Sen. Carl Levin (l) of Michigan, a longtime advocate of addiction treatment, attended the recent press conference. NIDA director Dr. Nora Volkow (r), who is holding a NIDAMED patient postcard, also spoke at the event.
The National Institute on Drug Abuse recently unveiled its first comprehensive physicians’ outreach
initiative, NIDAMED, which gives medical professionals tools and resources to screen their patients for tobacco, alcohol, illicit and nonmedical
prescription drug use.
NIDAMED resources include an online screening
tool, a companion quick reference guide and a resource guide for clinicians. The initiative
stresses the importance of the patient-doctor relationship in identifying unhealthy behaviors before they evolve into life-threatening
The NIDAMED tools—targeting primary care clinicians—were launched at a news conference at the National Press Club.
“Many patients do not discuss their drug use with their physicians, and do not receive treatment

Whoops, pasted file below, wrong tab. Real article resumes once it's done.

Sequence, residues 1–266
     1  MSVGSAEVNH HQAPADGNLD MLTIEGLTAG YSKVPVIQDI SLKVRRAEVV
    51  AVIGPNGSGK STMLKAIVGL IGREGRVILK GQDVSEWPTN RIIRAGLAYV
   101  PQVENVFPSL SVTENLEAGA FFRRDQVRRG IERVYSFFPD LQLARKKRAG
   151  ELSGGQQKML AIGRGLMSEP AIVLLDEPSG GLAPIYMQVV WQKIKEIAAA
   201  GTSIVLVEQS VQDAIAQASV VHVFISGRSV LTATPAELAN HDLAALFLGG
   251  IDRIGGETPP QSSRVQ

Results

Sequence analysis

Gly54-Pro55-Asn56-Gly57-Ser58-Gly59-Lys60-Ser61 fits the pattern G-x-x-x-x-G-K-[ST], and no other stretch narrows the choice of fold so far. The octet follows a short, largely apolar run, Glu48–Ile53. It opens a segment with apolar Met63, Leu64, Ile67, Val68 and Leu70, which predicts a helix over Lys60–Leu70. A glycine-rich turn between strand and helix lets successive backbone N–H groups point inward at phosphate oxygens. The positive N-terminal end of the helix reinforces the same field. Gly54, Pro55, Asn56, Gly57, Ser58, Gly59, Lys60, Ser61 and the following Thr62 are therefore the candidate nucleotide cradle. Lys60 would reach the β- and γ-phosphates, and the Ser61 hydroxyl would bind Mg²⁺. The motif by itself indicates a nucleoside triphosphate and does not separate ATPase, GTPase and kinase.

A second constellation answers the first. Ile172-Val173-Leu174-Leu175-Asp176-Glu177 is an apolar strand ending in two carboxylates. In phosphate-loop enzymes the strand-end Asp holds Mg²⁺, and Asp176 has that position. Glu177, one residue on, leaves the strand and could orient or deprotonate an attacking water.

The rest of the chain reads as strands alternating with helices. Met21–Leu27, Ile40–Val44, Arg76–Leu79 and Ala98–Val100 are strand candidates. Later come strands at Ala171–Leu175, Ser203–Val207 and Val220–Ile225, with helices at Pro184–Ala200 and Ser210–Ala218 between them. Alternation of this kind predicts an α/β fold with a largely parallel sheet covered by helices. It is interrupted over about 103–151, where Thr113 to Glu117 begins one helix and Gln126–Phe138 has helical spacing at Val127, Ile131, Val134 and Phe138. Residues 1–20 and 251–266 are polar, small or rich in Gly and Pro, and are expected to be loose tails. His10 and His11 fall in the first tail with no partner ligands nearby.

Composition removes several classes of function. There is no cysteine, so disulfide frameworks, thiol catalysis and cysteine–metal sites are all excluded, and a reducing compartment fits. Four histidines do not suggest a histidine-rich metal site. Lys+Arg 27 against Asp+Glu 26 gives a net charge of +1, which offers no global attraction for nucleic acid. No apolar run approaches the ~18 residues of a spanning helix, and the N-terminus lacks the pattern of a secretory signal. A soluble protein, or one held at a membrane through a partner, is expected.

even when their drug abuse escalates,” said NIDA director Dr. Nora Volkow. “NIDA-MED enables physicians to be the first line of defense against substance abuse and addiction and to increase awareness of the impact of substance
use on a patient’s overall health.”
In 2007, an estimated 19.9 million Americans ages 12 or older (around 8 percent of the population)
were current (past month) users of illegal drugs—nearly 1 in 5 of those 18 to 25 years old—and many more are current tobacco
or binge alcohol users. The consequences of this drug use can be far-reaching, playing a role in the cause and progression of many medical disorders, including addiction. Yet only a fraction of people who need addiction treatment receive it.
“I have long worked with NIDA to increase access to effective treatment in the battle against addiction,” said Sen. Carl Levin of Michigan,
who attended the press conference. “By encouraging physicians to consult with, screen and refer their patients who are in need of treatment, the NIDAMED initiative is a critical step towards achieving that goal.”
The NIDAMED tools were developed because doctors are in a unique position to discuss drug-taking behaviors with their patients before they lead to serious medical problems. Research shows that screening, brief intervention and referral to treatment by clinicians in general medical settings can promote significant reductions
in alcohol and tobacco use.